Dress in a way that pleases both you and those around you.

Do not speak quickly.

Learn something every day. (Dzien dobre!)

Be nice to people before they have a chance to behave badly.

Don’t stay angry about anything for more than a week, but don’t
forget what made you angry. Hold your anger out at arm’s length
and look at it, as if it were a glass ball. Then add it to your glass
ball collection.

Be loyal.

Wear comfortable shoes.

Design your activities so that they show a pleasing balance
and variety.

Be kind to old people, even when they are obnoxious. When you
become old, be kind to young people. Do not throw your cane at
them when they call you grandpa. They are your grandchildren!

Live with an animal.

Do not spend too much time with large groups of people.

If you need help, ask for it.

Cultivate good posture until it becomes natural.

If someone murders your child, get a shotgun and blow his
head off.

Plan your day so you never have to rush.

Show your appreciation to people who do things for you, even if
you have paid them, even if they do favors you don’t want.

Do not waste money you could be giving to those who need it.

Expect society to be defective. Then weep when you find that it
is far more defective than you imagined.

When you borrow something, return it in an even better

As much as possible, use wooden objects instead of plastic or
metal ones.

Look at that bird over there.

After dinner, wash the dishes.

Calm down.

Visit foreign countries, except those whose inhabitants have
expressed a desire to kill you.

Don’t expect your children to love you, so they can, if they want

Meditate on the spiritual. Then go a little further, if you feel like
it. What is out (in) there?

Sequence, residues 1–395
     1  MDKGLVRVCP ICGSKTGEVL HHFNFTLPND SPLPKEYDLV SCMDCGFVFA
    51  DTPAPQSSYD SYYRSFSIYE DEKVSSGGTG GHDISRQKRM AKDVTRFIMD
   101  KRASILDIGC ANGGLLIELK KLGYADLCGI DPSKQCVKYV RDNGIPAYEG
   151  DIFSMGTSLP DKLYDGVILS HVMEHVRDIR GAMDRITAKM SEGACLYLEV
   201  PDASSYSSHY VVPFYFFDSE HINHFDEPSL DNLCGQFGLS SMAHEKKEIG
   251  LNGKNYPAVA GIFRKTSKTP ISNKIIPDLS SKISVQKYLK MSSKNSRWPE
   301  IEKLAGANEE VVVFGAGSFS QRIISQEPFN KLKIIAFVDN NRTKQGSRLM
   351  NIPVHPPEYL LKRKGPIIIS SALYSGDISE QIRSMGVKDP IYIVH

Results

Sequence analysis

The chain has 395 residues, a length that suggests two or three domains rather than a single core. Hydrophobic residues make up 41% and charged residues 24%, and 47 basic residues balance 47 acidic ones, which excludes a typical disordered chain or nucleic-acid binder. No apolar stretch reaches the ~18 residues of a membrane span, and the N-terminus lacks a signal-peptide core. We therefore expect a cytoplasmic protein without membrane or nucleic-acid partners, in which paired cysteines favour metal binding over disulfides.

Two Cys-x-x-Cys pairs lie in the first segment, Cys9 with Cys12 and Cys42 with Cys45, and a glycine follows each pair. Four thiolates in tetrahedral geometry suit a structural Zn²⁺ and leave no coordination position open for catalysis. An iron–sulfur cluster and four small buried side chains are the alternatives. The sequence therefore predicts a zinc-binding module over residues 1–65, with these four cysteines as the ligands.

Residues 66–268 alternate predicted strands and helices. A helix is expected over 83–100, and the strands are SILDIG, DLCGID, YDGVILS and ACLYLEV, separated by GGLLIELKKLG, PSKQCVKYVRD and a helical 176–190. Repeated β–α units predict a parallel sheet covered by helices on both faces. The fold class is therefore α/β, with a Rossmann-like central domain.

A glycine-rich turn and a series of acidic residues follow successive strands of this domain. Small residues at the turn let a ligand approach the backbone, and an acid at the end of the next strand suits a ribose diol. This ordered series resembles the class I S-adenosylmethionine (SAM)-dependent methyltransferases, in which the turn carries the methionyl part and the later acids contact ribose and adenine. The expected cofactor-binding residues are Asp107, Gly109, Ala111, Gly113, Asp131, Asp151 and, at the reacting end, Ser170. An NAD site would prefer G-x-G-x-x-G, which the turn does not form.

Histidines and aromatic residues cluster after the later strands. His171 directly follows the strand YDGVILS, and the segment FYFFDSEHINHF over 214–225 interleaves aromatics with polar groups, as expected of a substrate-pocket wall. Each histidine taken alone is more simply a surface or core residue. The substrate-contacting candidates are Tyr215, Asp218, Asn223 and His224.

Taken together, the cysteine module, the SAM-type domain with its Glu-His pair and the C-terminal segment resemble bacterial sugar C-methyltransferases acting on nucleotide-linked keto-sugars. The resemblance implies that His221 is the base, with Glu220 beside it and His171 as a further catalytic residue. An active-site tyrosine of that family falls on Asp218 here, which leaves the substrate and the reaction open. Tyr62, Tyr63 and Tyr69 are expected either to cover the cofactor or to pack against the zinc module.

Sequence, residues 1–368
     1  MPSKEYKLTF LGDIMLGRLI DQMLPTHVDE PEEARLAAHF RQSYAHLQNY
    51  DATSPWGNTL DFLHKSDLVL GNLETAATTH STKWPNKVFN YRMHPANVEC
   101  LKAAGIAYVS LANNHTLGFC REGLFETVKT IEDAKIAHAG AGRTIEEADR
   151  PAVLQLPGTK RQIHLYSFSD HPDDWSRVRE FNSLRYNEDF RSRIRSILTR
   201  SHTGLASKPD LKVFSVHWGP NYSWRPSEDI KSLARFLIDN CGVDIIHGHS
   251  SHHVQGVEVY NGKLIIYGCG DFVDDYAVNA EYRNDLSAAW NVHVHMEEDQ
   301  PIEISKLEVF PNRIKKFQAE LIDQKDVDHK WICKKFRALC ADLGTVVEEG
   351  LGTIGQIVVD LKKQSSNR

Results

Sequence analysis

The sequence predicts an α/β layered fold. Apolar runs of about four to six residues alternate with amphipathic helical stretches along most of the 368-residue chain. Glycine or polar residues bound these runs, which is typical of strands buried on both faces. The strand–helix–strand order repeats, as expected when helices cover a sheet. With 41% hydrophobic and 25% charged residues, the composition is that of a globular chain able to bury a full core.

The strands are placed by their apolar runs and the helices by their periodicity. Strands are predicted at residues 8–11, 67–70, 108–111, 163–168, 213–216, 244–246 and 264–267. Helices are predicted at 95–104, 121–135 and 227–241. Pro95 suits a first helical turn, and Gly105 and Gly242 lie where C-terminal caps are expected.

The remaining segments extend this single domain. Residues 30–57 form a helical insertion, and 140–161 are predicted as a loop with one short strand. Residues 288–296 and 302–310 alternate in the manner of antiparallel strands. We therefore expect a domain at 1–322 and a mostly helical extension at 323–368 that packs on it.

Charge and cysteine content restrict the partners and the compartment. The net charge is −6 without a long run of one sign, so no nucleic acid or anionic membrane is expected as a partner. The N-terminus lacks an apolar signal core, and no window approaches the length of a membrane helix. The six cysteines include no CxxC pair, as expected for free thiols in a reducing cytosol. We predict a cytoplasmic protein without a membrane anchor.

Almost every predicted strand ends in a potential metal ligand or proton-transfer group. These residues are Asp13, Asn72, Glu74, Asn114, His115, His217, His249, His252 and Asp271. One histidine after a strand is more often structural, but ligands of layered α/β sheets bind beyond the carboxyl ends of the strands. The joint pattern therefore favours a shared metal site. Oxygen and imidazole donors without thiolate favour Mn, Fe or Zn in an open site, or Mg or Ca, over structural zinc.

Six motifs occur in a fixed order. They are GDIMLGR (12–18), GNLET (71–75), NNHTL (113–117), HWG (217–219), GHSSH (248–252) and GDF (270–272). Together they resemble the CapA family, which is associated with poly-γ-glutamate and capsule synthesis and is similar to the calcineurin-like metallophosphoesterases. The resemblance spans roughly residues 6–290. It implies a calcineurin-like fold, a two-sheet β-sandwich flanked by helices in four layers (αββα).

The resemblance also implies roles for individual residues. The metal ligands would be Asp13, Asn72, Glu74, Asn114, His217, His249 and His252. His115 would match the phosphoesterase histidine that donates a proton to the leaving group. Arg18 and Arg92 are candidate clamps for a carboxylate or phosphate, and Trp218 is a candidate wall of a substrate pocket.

Sing, every once in a while.

Be on time, but if you are late do not give a detailed and
lengthy excuse.

Don’t be too self-critical or too self-congratulatory.

Don’t think that progress exists. It doesn’t.

Walk upstairs.

Do not practice cannibalism.

Imagine what you would like to see happen, and then don’t do
anything to make it impossible.

Take your phone off the hook at least twice a week.

Keep your windows clean.

Extirpate all traces of personal ambitiousness.

Don’t use the word extirpate too often.

Forgive your country every once in a while. If that is not
possible, go to another one.

If you feel tired, rest.

Grow something.

Do not wander through train stations muttering, “We’re all
going to die!”

Count among your true friends people of various stations of life.

Appreciate simple pleasures, such as the pleasure of chewing, the
pleasure of warm water running down your back, the pleasure of
a cool breeze, the pleasure of falling asleep.

Do not exclaim, “Isn’t technology wonderful!”

Learn how to stretch your muscles. Stretch them every day.

Don’t be depressed about growing older. It will make you feel
even older. Which is depressing.

Do one thing at a time.

If you burn your finger, put ice on it immediately. If you bang
your finger with a hammer, hold your hand in the air for twenty